Friday, May 06, 2011

Undressed, dressing-down

The thing is, we are (by nature? nurture? both?) fixated on the pleasure principle. Standing in the light. Why is it so bad to be blind, fumbling, neurotic, unsure, desultory? (why would we want to dwell in lacklustery?)

Every time my focus locks on the next 'it' (the fun 'it', the soothing/acceptable/flashy 'it'), of recapturing the moment when I am groovy gravy, then everything else pales by comparison.

What I am saying is that I would like to be okay with boredom. Or average, pedestrian.

No okay that's not quite it. I am reading two books. One is on Vipassana. One of the principle aspects of the practice is learning how to step aside and just observe. Right. And to notice how we reject or ignore experiences that are displeasurable or average -- when in fact there is wealth residing in said means.

After a few weeks of intense study in panting (intense for me), I found myself once again becoming oriented towards not just improving and developing, but making The Next Greatest Thing. And guess what? My desire to paint has left the building. Part of it is frustration with my skill level, part of it is this weird belief that I'll never 'get it' so why bother. Part of it is......maybe I am in an ADD phase.

I read a quote somewhere, or a passage in that Vipassana book maybe? Or maybe it was on the tea bag tag, that boredom is fine, it's a sign that your mind is settling. In a time like now when I feel all jumpy, erratic and unfocused....maybe I should invite that boredom to tea (as Rumi suggests).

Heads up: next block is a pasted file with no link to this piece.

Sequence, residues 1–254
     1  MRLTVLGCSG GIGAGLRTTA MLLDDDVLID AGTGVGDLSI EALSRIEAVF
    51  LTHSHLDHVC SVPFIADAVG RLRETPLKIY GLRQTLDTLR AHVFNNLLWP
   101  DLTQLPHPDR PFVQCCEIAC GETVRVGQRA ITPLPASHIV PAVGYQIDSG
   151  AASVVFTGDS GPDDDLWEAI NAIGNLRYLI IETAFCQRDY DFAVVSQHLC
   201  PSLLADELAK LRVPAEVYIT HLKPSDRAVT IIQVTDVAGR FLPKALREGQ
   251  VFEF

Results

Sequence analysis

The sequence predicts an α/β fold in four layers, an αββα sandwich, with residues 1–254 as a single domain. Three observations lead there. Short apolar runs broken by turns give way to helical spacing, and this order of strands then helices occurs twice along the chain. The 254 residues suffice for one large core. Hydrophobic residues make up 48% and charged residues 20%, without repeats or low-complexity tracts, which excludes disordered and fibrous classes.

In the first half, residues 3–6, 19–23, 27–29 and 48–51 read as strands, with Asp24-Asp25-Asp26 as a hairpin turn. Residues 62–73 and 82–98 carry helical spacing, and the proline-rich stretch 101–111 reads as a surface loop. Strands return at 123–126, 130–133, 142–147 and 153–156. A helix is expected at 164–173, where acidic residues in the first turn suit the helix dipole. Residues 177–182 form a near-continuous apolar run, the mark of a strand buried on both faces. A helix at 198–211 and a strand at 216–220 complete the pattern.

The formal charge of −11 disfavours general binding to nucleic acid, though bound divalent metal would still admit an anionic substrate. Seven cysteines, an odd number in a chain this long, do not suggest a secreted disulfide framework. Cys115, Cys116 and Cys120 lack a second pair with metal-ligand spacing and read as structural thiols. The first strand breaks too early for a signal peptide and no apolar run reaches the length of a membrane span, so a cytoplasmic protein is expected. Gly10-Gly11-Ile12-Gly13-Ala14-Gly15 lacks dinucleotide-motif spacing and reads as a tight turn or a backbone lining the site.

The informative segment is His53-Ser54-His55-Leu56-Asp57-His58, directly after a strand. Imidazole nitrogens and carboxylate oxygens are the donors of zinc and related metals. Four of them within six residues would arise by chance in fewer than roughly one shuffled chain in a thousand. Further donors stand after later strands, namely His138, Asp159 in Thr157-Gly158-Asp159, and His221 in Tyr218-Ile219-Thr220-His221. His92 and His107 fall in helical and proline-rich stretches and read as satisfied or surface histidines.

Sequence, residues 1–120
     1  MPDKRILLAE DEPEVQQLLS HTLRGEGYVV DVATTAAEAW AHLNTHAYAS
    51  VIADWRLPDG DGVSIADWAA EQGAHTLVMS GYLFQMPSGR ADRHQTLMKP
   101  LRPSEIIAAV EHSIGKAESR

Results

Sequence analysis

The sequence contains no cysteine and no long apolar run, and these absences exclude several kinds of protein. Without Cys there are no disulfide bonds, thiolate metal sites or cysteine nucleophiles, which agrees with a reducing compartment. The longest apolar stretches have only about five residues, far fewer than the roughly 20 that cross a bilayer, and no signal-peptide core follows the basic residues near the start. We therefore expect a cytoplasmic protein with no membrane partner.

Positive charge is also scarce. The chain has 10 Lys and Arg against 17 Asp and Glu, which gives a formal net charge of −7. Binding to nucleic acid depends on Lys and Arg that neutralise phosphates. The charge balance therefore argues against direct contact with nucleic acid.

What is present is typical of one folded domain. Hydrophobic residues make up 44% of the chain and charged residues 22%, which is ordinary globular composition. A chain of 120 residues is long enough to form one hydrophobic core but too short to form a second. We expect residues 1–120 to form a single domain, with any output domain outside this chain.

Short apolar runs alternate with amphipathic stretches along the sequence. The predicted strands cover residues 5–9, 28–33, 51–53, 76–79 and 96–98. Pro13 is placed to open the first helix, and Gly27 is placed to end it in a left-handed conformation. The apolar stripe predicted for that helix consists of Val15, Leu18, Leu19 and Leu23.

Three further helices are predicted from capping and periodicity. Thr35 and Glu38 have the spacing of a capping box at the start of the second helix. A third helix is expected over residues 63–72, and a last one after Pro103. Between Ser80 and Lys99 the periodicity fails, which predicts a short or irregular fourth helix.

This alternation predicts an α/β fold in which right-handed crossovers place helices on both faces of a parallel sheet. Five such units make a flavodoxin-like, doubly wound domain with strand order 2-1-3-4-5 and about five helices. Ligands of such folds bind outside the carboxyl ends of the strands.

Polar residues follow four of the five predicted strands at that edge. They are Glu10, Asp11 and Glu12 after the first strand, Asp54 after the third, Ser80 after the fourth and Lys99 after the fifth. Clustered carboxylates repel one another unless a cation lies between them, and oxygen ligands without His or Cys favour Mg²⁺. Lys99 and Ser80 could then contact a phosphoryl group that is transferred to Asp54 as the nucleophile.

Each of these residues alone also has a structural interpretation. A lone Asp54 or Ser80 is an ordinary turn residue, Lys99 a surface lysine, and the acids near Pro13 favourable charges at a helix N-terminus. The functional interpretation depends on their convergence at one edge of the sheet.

All I want to do is sit here and draw sketches of Tom Yorke dancing.

Radiohead - Lotus Flower

(embedding the video has been disabled at Radiohead's request but I recommend lifting your index finger, clicking on the link and watching the five minute video)

The other book I'm reading is The Undressed Art: Why we draw (by Peter Steinhart). It's on recommend from a fellow artist friend Jay Arrera. This neat little tome is like sitting down with a friend. I'm passing on the recommendation. From the book:

"I have been going to drawing groups for fifteen years. In these groups, I have made long-standing acquaintances and friendship, and it is clear to me that for many of us, drawing is a kind of compulsion. Every week, we drop family and work and go draw together. Most of the drawings end up in a trash bin. Few of us will ever draw the way Eleanor Dickinson draws. There is a dogged quality to what we are doing. We come back week after week, happy to see one another, grateful, I think, for our shared complicity in a doubtful activity. It is doubtful because its most noticeable attributes are nudity, desire, effort and failure. It's all funneled through a kind of meditative state that is internal and private, for the most part incommunicable except int he drawings themselves. It is by turns erotic and puritanical, social and narcissistic, uplifting and depressing."

He then asks, "What keeps us coming back?"

So, dear readers, what keeps you coming back, to whatever your art is, especially if you experience it at least in part as above?

I'm going to draw Tom Yorke.


flask said...

we make art because we want to express something of ourselves.

if we are made in God's image, we love to create, and who knows why?

and what's the point of a static, perfect creation? who could love a thing that never moves or changes?

when we make art, we are expressing something about relationship. my relationship; your relationship to your surroundings, to your audience, to yourself, to that apple over there.

V.K. said...

amen. I'm back in the saddle. Thanks for your words! :)